Sunday 25 September 2022

A warped sense of sympathy… why do we feel sorry for the culprit?

This column first appeared in Malta Today

When a man’s battered body was left lying on the side of the road, the victim of a hit and run, only to be discovered by a passerby – everyone was full of anger and grief at such a senseless loss of life. Antoine Degabriele, 51, was found on the pavement on Triq President Anton Buttigieg and certified dead on the spot.

The search for the driver did not take long; thanks to parts of the car which were found at the scene, the perpetrator was traced by the Police (even though he had unsuccessfully tried to hide the car in a garage). The 23-year-old driver, Dean Donavan Frendo was charged with killing Degabriele, driving a vehicle without a license and insurance policy, driving over the speed limit, and tampering with the evidence.

But suddenly, the tone online changed. There was a decided shift from feeling sorry for the victim, to people feeling sorry for the culprit. Here are just two examples, translated from the Maltese, of some typical comments:

“Anyone who has children cannot say anything and should not be scandalised …the poor parents and the trouble they find themselves in, I feel sorry for them because I say, what if I were in their shoes?”

“No one should be scandalised. Maybe he kept going because he was in shock, everyone can make a mistake. His mistake was to not phone an ambulance, even anonymously. But no one should judge anyone else.”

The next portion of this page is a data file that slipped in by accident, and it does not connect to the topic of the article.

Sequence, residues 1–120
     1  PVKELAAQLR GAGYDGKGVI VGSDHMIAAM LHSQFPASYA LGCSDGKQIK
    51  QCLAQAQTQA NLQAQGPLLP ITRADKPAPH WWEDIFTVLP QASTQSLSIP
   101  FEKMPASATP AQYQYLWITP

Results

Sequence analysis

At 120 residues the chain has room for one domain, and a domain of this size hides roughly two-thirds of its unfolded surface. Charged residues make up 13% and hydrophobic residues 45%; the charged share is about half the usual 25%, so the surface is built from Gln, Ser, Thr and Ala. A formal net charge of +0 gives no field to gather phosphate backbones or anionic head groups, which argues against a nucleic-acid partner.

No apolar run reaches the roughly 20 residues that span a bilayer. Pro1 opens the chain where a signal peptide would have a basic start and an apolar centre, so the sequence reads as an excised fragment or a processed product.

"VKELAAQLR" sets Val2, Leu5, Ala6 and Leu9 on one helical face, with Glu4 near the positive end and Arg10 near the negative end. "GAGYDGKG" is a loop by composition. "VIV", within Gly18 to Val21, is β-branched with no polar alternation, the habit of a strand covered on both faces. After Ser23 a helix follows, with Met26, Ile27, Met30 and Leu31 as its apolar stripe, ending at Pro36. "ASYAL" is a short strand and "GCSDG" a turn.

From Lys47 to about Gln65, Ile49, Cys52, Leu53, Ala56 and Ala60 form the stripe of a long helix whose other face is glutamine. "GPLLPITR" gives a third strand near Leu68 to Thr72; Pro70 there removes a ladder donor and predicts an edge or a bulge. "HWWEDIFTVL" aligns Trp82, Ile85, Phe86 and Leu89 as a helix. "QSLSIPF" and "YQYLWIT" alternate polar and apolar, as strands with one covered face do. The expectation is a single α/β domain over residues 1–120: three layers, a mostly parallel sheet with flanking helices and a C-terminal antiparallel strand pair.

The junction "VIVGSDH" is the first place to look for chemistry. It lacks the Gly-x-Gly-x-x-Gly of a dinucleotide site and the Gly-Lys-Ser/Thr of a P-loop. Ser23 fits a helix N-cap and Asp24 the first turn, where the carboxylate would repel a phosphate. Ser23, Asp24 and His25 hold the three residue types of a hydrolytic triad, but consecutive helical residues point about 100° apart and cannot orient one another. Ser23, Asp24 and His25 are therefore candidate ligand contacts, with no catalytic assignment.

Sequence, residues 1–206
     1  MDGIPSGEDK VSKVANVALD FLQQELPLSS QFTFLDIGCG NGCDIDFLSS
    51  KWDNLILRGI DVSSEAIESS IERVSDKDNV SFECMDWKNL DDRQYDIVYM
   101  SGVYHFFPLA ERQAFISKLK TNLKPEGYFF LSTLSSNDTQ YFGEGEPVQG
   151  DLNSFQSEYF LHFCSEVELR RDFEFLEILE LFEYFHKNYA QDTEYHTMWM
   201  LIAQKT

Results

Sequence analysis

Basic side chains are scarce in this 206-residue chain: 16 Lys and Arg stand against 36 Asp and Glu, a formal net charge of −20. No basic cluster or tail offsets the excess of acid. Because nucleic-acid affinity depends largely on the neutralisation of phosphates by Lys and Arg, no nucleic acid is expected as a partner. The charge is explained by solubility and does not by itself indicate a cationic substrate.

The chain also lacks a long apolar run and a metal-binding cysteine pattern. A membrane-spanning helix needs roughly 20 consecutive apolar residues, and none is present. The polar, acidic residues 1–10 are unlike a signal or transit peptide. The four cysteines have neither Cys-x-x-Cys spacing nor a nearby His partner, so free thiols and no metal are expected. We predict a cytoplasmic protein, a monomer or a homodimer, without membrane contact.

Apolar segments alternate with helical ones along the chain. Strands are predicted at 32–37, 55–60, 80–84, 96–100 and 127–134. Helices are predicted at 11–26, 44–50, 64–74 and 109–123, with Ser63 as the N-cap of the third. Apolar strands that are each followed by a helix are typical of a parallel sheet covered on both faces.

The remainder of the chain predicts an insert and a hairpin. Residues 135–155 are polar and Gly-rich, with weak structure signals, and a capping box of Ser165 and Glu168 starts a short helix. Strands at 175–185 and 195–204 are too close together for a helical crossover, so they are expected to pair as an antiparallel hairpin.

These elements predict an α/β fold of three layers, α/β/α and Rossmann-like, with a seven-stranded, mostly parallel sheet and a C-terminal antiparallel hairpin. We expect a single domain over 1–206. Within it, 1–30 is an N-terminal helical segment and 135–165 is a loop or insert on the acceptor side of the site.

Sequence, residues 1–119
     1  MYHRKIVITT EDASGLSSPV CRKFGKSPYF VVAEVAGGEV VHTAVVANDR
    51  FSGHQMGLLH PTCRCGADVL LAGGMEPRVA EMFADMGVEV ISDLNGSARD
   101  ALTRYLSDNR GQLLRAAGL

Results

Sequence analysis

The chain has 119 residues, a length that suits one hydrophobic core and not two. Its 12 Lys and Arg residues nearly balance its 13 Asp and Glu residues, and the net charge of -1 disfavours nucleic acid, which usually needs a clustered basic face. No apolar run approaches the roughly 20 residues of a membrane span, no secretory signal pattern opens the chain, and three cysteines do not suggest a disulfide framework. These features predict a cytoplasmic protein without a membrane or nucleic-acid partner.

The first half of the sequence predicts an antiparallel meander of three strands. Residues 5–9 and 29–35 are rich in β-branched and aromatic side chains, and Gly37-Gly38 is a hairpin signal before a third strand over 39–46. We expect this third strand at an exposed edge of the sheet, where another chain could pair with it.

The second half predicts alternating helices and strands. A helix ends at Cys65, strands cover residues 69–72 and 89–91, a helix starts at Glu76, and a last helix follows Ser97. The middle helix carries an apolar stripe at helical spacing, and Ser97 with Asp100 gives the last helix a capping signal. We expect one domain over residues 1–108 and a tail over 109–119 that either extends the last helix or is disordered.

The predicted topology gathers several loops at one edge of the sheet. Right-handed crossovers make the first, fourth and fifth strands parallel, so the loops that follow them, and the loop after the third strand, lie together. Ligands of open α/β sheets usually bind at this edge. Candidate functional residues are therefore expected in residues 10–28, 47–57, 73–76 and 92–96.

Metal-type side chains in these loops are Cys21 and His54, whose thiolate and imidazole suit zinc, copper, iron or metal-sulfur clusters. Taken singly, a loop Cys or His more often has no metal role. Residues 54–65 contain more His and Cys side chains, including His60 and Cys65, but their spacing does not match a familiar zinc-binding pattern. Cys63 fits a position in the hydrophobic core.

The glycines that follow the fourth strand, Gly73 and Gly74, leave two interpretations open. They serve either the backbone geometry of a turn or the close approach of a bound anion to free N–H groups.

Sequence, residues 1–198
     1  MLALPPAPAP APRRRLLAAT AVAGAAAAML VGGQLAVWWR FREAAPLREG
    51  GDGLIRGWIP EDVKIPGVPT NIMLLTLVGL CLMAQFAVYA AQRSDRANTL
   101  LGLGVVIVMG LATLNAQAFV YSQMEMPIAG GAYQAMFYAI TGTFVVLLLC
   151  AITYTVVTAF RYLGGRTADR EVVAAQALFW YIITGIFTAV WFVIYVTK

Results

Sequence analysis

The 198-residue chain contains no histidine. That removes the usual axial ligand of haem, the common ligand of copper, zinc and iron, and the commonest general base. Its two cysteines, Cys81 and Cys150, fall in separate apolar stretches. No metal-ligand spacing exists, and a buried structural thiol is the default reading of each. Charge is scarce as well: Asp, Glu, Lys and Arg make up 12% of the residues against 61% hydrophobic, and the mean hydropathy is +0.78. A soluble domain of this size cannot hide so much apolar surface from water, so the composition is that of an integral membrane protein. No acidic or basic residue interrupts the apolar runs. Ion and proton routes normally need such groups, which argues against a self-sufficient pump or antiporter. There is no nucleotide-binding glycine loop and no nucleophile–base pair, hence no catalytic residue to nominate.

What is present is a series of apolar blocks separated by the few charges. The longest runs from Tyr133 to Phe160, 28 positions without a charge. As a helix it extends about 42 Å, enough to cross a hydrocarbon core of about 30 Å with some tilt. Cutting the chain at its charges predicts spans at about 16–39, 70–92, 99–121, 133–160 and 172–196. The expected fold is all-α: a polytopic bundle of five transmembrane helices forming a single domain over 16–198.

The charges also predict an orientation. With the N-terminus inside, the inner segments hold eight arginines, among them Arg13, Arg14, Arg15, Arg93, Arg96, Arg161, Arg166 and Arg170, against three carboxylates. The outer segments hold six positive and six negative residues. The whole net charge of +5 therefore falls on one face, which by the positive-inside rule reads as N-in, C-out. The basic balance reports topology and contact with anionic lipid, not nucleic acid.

There was more on the same lines, generally from women, who were thinking to themselves, what if this were my son? Fair enough, it is an understandable, brutally honest question. When tragic traffic accidents occur and the driver behind the wheel is young, anyone with adult children inevitably puts themselves in the shoes of the parents, and what they would do in these circumstances. It is a thorny, moral dilemma explored several times in TV dramas and films, such as in the series Your Honour, in which the son of a very upright Judge gets entangled in a hit-and-run case. Faced by the prospect of his son going to jail, the father goes to great lengths to protect him, by covering up the crime.

In this case, it was the driver himself who apparently tried to cover up what happened (aided by a mechanic who is also being questioned), and this is the salient point which goes one step further than simply fleeing the scene out of panic and shock. It implies calculated intent by someone who knows that what they did was horribly wrong and who tried to get away with it.

As so many have pointed out..what about the victim? If the culprit had stopped, or turned back and called for help, the whole scenario would have been quite different. He would at least have demonstrated a modicum of remorse about hitting someone with his car, rather than leaving him by the wayside like roadkill. The fact that hit and runs have become so frequent is chilling because it speaks of a society which, apart from having too many reckless drivers speeding around, also points to a sheer lack of respect for human life.

Instead, a hit and run becomes all about “me” and saving my own skin, so that I do not have to suffer any consequences for my actions. The casualties and the heartbroken family I leave behind are immaterial, because there are always going to be people who feel sorry for me as well, as they try to cushion my behaviour and “explain” away my fleeing the scene. While parents are inevitably gripped by the fear of “what would I do if my son/daughter ran over someone …” one would also hope that parents are sitting their children down and drumming it into them that if they are involved in an accident, they cannot simply run away like cowards. It all boils down to one undeniable truth: what is wrong is just wrong.